What Should College Students Know About Business Software? | Campus Arrival’s mission is to equip college students to be future business leaders. Navigating the business software landscape is an important element of it. In addition, it is never too late to get started.
We encourage students to obtain as much experience with business software as possible early in school, when chances abound. While their future employment may require them to use different software packages, or the specifics of the software may change in a matter of years, the concepts and abilities they learn will last a lifetime. We’ve put up a list of business software that college students will find beneficial in their academic careers and beyond.
Some of the software listed below, such as the Google Suite, can be obtained for free online. For the rest, students should check with their IT department, which may be able to give the software free of charge through a site license or at a discount.
Finally, inquire directly with software vendors: many may provide student or academic discounts. Check out our suggestions for supporting devices and peripherals to get the most out of this software on campus.
What Should College Students Know About Business Software?
The Office Suite
The office suite is the core business software that applies to all domains: word processor, spreadsheet, and presentation tool. Microsoft Word, Excel, and PowerPoint are the gold standards, but Google Docs, Sheets, and Slides are excellent alternatives at an unbeatable price. Sheets lack Excel’s strong, advanced capabilities, yet the basic functionality is sufficient.
Both allow you to convert a spreadsheet into a useful form, accounting record, personal database, and other useful tools. This spreadsheet knowledge will be useful later on when developing a simple customer-relationship management (CRM) application, for example, before moving on to more specialist business CRM solutions.
As more work is done remotely and online, the function of business software in mediating real-time, face-to-face communication becomes more vital. We’re referring to online conference software. College students will have a lot of practice using apps like Apple’s FaceTime to call home or participate in online classes.
When it comes to engaging in conference calls, though, you’ll want to be familiar with a wider selection of videoconferencing technologies. Apps such as Skype, WebEx, and GoToMeeting were among them. Not to mention Google Hangouts, which has advanced capabilities such as screen sharing and follow-up tools.
Many college students will be familiar with content management systems (CMS). Their interactions are often focused on getting course documents, whether via the Blackboard front-end or WordPress. Because businesses rely extensively on CMS, both for customer-facing sites and internal systems, students should take advantage of any opportunity to work on a CMS through its back-end, whether as a content specialist or administrator. Taking a course, volunteering for a club or non-profit, or doing an internship are all excellent ways to learn more about the CMS.
Business Intelligence & Web Analytics
Web analytics is another area in which college students might dabble, particularly while working on a non-profit website. Web analytics feeds business intelligence by providing metrics to inform customer acquisition funnel decision-making. It also aids in A/B testing on new designs and key performance metrics for determining the health of the firm.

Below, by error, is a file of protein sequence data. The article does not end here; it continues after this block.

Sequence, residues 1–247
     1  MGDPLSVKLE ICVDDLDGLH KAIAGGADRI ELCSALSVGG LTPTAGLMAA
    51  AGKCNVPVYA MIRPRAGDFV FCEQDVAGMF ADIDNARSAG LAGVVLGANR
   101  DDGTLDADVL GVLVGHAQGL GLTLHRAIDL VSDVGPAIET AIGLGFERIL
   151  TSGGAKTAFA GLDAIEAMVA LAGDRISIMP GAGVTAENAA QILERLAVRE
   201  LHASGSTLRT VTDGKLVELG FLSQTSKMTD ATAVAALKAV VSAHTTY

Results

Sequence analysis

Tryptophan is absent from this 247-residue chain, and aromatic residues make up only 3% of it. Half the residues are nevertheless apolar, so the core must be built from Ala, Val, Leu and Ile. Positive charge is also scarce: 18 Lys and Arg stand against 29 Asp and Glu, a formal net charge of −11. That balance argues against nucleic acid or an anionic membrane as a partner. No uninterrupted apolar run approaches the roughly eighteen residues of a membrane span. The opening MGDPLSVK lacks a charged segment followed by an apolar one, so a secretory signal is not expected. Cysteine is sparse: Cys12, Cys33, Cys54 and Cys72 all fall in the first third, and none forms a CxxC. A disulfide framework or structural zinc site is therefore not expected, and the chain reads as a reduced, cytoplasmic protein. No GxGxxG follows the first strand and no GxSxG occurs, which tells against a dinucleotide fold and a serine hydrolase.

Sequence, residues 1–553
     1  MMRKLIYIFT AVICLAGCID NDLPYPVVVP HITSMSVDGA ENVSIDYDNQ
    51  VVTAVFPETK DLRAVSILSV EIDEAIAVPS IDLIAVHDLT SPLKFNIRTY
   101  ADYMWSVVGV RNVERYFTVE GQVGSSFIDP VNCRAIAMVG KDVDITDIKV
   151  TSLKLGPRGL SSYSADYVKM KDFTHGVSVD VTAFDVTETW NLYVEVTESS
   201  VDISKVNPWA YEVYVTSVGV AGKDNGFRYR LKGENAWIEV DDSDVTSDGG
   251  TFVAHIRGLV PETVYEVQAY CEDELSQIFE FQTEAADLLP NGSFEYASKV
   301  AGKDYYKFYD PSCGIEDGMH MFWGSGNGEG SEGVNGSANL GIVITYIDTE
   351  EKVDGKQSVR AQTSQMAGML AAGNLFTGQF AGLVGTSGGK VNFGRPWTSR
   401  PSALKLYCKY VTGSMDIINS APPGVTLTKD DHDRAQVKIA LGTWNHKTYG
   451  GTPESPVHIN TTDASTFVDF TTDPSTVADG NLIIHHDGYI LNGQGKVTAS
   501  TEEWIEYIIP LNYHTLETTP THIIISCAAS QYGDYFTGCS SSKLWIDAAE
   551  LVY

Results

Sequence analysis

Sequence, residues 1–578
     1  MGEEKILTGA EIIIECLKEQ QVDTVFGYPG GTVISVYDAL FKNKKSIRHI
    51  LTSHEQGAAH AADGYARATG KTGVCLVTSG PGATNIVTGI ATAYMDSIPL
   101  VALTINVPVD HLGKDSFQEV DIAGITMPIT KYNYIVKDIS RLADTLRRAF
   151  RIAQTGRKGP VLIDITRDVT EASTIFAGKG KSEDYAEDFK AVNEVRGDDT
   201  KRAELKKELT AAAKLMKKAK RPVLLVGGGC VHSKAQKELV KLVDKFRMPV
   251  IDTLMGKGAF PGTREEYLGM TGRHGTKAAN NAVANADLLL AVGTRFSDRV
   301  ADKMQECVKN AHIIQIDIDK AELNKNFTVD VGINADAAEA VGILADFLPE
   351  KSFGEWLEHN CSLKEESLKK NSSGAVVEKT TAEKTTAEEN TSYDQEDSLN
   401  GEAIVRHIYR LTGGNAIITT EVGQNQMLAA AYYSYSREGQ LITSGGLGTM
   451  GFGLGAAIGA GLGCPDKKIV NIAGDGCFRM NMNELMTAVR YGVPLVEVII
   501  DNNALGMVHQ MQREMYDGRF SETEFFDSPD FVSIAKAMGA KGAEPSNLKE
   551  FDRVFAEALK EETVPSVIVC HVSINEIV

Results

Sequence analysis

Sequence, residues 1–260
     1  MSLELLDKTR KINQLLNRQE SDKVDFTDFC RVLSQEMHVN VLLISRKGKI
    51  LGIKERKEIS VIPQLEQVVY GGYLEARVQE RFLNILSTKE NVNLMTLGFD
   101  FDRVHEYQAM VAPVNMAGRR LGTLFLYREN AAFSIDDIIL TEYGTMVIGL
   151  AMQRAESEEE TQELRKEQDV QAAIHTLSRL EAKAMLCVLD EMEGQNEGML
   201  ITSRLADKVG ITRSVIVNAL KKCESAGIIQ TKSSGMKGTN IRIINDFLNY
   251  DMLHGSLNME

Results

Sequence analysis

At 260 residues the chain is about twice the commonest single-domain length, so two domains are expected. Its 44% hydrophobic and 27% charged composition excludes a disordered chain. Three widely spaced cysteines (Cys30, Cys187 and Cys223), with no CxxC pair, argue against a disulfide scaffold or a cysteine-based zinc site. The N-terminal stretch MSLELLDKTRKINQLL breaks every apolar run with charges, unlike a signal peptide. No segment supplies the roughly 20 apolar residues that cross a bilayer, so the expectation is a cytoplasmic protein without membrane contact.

Web analytics provides basic statistics such as user demographics and pages visited out of the box, as well as sophisticated functionality such as event tracking and customized reports. Although Google Analytics is frequently utilized, other specialized platforms such as Kissmetrics and Mixpanel can provide more in-depth insights.
Management of Social Media
So much of marketing is on knowing how to use social media platforms like Instagram, Twitter, and Facebook, which college students will be well-versed in. However, in business, social media is more than simply smart, off-the-cuff tweets or gorgeous images. To promote a company’s brand, create leads, and increase social traffic to their properties, deliberate and persistent campaigns are required.
And this necessitates the use of social media management software. Businesses will value students who have used social media management tools such as Buffer, Hootsuite, and TweetDeck. As a student, if you’re already on social media, why not experiment with these programs, many of which have free tiers?
Social collaboration technologies are vital for remote work across the globe, but they also help peers who work in the same office. They make office workers’ lives easier when it comes to task management, file sharing, and channels for speaking about anything.
Students can use collaborative platforms like Slack and file-sharing services like Dropbox and OneShare to collaborate on group projects or prepare for exams. There are plenty of alternative options for social collaboration software, so do your research.
So that’s all for business software that college students should be aware of in order to advance their academic careers as well as lay the groundwork for their future employment. Keep an eye out for any business software that is tailored to your major.
For example, computer science students should familiarize themselves with distributed version control and source code management platforms such as GitHub. And for informatics students, learning visualization software like Tableau will make you far more appealing to potential employers.